In contrast to much of the 3D-printing PPE effort, this latest initiative is focused on SLS technology, not FDM. Explains Nick Allen, MD at 3DPRINTUK: “From the very beginning of the Covid-19 crisis, in common with numerous other 3D printing companies, we analysed ways in which we could make useful interventions and help the efforts of the NHS.

“One thing we noticed was that many of the face shield-related designs were perfectly suited for FDM machines but didn’t work well with the SLS process. As a company, we are intimately associate with SLS, and have printed over two million SLS prints, so we began to look at how we could optimise designs for the 3D printing technology that we use every day.”

For the ground-breaking Prusa face shield design, only 14 individual head bands could be printed on the EOS FORMIGA P110 SLS machine at a time, for example. The team focused on a design that the P110 could accommodate in much larger numbers. By nesting the main peak component inside one another they were able to create one that allowed for 260 to be printed in a single print with a 27-hour build time.

Continues Allen: “That is six minutes per shield, which is a game-changer. The design that we created clips together in 10 seconds, uses silicone straps for adjustment, can take an acetate sheet with three holes, is lightweight at only 42 g, and is sterilisable with IPA, autoclave or ethylene oxide (Et0). All in all, we believe that this is the most efficient visor design to produce via 3D printing available today.”

Additional design benefits include a closed peak design for extra protection, the material used (PA2200/Nylon 12) is biologically safe, and the shape has been designed so that it can be flat packed into an A4 envelope for cheap postage and storage.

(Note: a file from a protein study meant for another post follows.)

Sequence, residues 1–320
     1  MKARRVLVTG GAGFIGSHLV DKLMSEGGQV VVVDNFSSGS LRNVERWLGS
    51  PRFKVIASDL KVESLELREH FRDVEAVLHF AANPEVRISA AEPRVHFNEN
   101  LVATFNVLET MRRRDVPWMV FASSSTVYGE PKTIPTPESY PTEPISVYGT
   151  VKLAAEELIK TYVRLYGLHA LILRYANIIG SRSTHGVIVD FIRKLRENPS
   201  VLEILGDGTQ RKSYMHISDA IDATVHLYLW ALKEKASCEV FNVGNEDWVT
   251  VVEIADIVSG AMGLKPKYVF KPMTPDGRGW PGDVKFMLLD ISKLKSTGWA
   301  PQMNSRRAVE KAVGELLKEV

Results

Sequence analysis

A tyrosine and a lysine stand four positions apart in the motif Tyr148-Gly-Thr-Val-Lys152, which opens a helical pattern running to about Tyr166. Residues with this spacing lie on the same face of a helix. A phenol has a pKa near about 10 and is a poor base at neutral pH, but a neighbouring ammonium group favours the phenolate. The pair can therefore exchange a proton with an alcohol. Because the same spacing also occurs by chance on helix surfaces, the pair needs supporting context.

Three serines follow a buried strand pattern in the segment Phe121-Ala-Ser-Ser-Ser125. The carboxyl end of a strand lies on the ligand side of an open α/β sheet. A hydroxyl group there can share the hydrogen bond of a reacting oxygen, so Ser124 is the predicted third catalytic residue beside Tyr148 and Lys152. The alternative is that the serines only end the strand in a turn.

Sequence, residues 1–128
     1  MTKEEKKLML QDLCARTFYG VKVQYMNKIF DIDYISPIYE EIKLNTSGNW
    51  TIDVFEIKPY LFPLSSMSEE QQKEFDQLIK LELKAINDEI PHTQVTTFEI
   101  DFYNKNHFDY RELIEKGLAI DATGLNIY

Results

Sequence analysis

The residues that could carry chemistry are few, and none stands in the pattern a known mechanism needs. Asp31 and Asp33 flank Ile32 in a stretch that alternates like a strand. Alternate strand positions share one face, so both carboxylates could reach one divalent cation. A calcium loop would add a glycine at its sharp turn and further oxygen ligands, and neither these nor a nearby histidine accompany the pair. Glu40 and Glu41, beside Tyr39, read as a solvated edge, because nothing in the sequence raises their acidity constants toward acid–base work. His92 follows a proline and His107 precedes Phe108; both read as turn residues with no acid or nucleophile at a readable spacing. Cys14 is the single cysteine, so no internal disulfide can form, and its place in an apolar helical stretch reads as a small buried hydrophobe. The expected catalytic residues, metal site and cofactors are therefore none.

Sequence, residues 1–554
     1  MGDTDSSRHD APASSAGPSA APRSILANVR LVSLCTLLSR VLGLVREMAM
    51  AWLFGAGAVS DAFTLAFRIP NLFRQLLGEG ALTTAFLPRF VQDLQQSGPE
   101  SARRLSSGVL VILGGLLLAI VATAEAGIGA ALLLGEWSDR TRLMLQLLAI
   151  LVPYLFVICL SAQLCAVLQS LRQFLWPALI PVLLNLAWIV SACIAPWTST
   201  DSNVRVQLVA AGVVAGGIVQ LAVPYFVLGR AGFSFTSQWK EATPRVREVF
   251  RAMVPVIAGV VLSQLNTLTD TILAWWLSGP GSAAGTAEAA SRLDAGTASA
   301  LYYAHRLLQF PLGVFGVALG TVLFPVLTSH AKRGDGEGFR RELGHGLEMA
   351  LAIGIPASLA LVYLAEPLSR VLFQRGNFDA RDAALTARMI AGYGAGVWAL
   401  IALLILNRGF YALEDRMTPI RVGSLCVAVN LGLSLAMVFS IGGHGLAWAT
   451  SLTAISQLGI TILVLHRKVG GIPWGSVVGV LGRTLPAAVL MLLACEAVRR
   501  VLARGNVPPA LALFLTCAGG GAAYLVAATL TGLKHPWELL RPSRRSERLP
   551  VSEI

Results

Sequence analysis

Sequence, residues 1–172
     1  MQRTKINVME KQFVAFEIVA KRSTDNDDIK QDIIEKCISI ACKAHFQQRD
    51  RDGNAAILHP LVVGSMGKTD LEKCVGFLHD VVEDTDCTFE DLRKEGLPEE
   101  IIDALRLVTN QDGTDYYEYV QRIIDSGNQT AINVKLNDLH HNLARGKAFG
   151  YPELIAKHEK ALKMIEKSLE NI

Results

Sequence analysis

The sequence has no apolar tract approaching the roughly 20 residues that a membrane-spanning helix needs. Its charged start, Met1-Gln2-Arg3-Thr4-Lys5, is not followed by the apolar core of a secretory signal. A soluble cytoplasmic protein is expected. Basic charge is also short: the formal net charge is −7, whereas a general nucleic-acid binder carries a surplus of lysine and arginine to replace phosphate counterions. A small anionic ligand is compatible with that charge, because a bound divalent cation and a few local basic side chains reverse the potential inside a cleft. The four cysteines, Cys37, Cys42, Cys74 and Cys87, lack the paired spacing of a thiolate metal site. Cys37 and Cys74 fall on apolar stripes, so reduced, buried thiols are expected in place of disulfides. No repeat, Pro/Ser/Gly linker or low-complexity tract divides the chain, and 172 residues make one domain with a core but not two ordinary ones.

Once the design was proved and validated, 3DPRINTUK had to look for partners to scale up production. In recent weeks, it has been directly involved with the UK Cabinet and manufacturers working on a number of large ventilator projects, which has taken up their own printing capacity. Information relating to the design was released and the first facility to take on the manufacturing role was the Arts University Bournemouth (AUB), which had access to the P110 machine and also had laser cutting capabilities.

AUB produced an initial batch of 5,000 units and more thereafter, with these shields will be distributed for free to front line key workers.

The arts university has been spearheading an effort by educational institutions to manufacture and create vital protective equipment for the healthcare sector. Since its campus closure in March, the university’s facilities have become a production line for visors, facemasks, scrubs and gowns, which are being distributed across a range of public healthcare settings, including doctors’ surgeries, care homes, and volunteers providing door-to-door services for the elderly.

AUB vice chancellor Professor Paul Gough says: “We’re delighted to be involved with this vital project. Many AUB staff members have been involved, from our cutting-edge technical teams to our Innovation and Campus Services teams. AUB is honoured to play a part in the national drive to create and distribute life-saving apparatus, it’s so important that we’re all able to play our part during this global pandemic.

“As a specialist university, we firmly believe in the ways in which research and creativity can greatly improve productivity. In times like these, we’re challenged to rapidly innovate, and at such a crucial time, it’s hugely heartening to see those from across the creative industries maximising PPE production through design and collaboration.”

Allen concludes: “We would invite anyone else with the SLS capacity to make the face shield to contact us and we will share the design data with them. This has been a monumental effort from all involved, and I would personally like to thank Tom Preston, Fred Holdsworth, Eden Franham, Rhiannon Evens, Alex Greatwich, Lucy Devall, Paul Johnson, and Tom Marshall from the Arts University Bournemouth, and my colleagues at 3DPRINTUK, Jason Pereira, Joshua Wells, Chris Owen and Kirby Downey.

“We’re sad that we will not be able to manufacture many of them in house, but to see the project come to fruition and with such gracious and dedicated work from so many people is truly humbling.”